When I'm a paid consultant, I sniff out the "real requirement" and answer it. On SO that is not the way to go. No one thanks you, they just get ticked off. They want to sort without using sort, they want strings without string, fine, if I know a way I'll tell them. I don't care there might be interop, there might be life on Mars, that's not the question. Answer the question as asked or leave it. For everyone who says "thanks for digging, the suggestion you've provided is perfect for my underlying problem" there are 100 who say "just tell me how to do it! I never asked you for your opinion!" – Kate Gregory May 27 '13 at 15:06
Also, later searchers may have the same constraints for different reasons. They want the solution to what they searched for, not the solution to the "real requirement" that happened to inspire the first asker. – Kate Gregory May 27 '13 at 15:07
Thanks, that last point is a valid one that I hadn't considered. – Theodoros Chatzigiannakis May 27 '13 at 16:09
Kate, I really like your point about more details in the question avoiding the frustrating "no! that don't work!" exclamations later on after answering, but I disagree with not needing to know the reasons. If we know the reasons why a person doesn't want to use X, we understand their problem better. When we have a solid understanding of the problem it empowers us to provide well-thought out answers and possibly even learn something ourselves along the way. I don't advocate downvoting a question in this format, as it's better than the alternative, but we should still seek more clarity. :) – jmort253 May 27 '13 at 16:40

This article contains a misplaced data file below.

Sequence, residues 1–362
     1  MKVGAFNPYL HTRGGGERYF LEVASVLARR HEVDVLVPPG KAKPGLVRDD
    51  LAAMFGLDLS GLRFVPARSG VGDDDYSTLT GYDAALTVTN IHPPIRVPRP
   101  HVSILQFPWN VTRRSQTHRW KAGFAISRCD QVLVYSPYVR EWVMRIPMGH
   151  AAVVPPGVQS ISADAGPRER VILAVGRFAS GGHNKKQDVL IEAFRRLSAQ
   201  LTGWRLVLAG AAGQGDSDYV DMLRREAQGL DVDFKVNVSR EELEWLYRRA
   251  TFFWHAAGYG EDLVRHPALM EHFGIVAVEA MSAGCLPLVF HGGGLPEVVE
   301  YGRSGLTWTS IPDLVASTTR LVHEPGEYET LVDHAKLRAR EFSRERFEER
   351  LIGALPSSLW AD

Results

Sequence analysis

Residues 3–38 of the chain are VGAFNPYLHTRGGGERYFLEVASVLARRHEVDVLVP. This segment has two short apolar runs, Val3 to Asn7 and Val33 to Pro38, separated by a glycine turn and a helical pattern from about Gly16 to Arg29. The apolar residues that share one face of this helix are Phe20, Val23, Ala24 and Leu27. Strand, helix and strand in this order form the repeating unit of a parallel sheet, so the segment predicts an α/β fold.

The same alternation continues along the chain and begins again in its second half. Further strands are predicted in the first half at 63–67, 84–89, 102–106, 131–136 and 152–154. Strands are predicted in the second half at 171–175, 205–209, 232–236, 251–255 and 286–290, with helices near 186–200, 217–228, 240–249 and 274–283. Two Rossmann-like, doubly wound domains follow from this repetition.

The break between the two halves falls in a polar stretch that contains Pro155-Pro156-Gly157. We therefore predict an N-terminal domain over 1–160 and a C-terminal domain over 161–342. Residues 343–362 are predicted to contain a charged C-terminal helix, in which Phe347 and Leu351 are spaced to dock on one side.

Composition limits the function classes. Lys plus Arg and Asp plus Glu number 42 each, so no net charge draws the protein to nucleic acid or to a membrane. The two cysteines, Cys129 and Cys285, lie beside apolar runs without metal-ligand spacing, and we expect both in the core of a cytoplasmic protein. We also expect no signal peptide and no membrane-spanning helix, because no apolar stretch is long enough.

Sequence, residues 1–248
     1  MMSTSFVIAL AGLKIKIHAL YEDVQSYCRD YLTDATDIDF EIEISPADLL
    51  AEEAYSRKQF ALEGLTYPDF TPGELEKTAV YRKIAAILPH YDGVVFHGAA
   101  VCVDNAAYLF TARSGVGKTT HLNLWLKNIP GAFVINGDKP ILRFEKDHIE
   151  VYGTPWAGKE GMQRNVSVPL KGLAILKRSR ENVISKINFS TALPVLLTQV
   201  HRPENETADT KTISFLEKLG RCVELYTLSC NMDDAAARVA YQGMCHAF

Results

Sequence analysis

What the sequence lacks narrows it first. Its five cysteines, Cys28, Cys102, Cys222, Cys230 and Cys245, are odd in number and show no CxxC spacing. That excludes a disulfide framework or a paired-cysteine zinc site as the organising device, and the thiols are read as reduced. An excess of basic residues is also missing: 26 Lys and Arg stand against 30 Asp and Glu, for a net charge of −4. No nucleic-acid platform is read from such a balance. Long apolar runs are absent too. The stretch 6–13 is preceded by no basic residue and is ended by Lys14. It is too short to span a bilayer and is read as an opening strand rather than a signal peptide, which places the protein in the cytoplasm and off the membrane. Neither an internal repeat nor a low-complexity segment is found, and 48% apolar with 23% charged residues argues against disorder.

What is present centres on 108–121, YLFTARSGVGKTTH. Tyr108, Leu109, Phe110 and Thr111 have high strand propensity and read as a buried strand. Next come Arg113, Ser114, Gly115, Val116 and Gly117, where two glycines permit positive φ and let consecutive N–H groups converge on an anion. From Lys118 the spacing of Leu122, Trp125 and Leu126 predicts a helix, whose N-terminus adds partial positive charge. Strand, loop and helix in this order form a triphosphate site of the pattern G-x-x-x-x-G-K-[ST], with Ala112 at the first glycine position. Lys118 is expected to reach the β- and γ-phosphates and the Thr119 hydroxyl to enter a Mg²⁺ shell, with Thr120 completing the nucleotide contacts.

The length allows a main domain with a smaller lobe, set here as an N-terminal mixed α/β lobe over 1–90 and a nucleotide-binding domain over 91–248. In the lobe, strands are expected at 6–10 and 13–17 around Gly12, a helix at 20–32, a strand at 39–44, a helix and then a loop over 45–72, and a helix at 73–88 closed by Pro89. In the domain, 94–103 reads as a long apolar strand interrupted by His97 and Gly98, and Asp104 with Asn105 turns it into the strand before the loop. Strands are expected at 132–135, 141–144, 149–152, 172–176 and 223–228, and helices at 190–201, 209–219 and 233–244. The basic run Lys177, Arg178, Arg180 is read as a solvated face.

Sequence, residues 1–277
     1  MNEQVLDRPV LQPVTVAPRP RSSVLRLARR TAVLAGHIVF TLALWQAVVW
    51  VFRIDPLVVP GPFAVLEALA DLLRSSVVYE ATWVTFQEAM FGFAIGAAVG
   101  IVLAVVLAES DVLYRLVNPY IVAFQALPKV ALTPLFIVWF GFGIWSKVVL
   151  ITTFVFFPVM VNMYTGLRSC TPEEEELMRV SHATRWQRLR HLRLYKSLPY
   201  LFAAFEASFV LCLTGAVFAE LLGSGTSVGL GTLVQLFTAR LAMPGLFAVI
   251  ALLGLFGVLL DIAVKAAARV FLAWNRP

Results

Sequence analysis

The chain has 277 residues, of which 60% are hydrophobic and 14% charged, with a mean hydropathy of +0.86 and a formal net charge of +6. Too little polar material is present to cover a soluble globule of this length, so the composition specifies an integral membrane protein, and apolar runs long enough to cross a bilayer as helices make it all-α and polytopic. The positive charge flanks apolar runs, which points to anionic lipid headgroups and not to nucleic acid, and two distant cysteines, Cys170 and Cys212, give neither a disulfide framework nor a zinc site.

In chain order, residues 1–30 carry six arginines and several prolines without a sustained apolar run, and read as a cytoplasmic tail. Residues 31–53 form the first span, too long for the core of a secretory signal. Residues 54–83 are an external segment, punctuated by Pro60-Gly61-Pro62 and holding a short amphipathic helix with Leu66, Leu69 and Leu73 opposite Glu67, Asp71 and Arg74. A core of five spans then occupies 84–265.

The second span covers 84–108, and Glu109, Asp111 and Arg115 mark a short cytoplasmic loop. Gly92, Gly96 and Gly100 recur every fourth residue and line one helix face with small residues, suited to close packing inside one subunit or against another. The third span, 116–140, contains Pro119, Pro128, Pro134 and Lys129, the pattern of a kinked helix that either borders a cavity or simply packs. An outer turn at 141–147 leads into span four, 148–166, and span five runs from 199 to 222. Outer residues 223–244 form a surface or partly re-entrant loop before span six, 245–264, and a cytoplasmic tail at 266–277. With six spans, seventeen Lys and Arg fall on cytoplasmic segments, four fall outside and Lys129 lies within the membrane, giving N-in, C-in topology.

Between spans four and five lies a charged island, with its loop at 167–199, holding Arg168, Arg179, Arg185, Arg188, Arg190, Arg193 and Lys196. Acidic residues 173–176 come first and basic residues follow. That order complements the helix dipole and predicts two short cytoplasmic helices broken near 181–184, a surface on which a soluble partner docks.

What I mean by well-thought out answers is answers that solve the real problem the asker has. If we know why the person can't use X, we may have a solution that's even better. What's more, future visitors with the same problem are more likely to find the post valuable, since the real reason for not using X is exposed. – jmort253 May 27 '13 at 16:41
@jmort253 I think it's site and tag specific. On Travel or Gardening, commenting to ask why will probably lead somewhere fruitful. On SO, especially in the rich-in-new-to-SO tags, not so much. Still, we both agree downvoting just because they don't say why is not the right approach. – Kate Gregory May 27 '13 at 16:54
Absolutely! You make great points on why having constraints is much better than none at all, but we shouldn't be afraid to seek clarification if it could help us provide better answers. Also, great points on not using that information to get into a debate with the asker. We should still of course answer the question. +1 – jmort253 May 27 '13 at 19:46

I don't think a downvote is appropriate here (at least if that's the only problem).

But I do agree that such posts are problematic. They are often a hint at a XY Problem. But a downvote will probably not solve this.

share|improve this answer
I agree that a downvote doesn't solve the problems of the question (but, on the other hand, you could argue that downvotes don't solve the problems of any question). Unfortunately, it's one of those things that you can't fix by editing the question, precisely because the asker is withholding information. I take it that your answer is "tell them in a comment, but don't downvote"? – Theodoros Chatzigiannakis May 27 '13 at 14:00
you are focused on the withholding of information (the reason why they reject a certain API or language construct) and ignoring the revealing of information (the fact that they do reject it). The information revealed is vital to answer correctly. The information withheld would satisfy only your curiosity or your ability to argue with the OP about those reasons; neither is a vital reason to include it. – Kate Gregory May 27 '13 at 14:03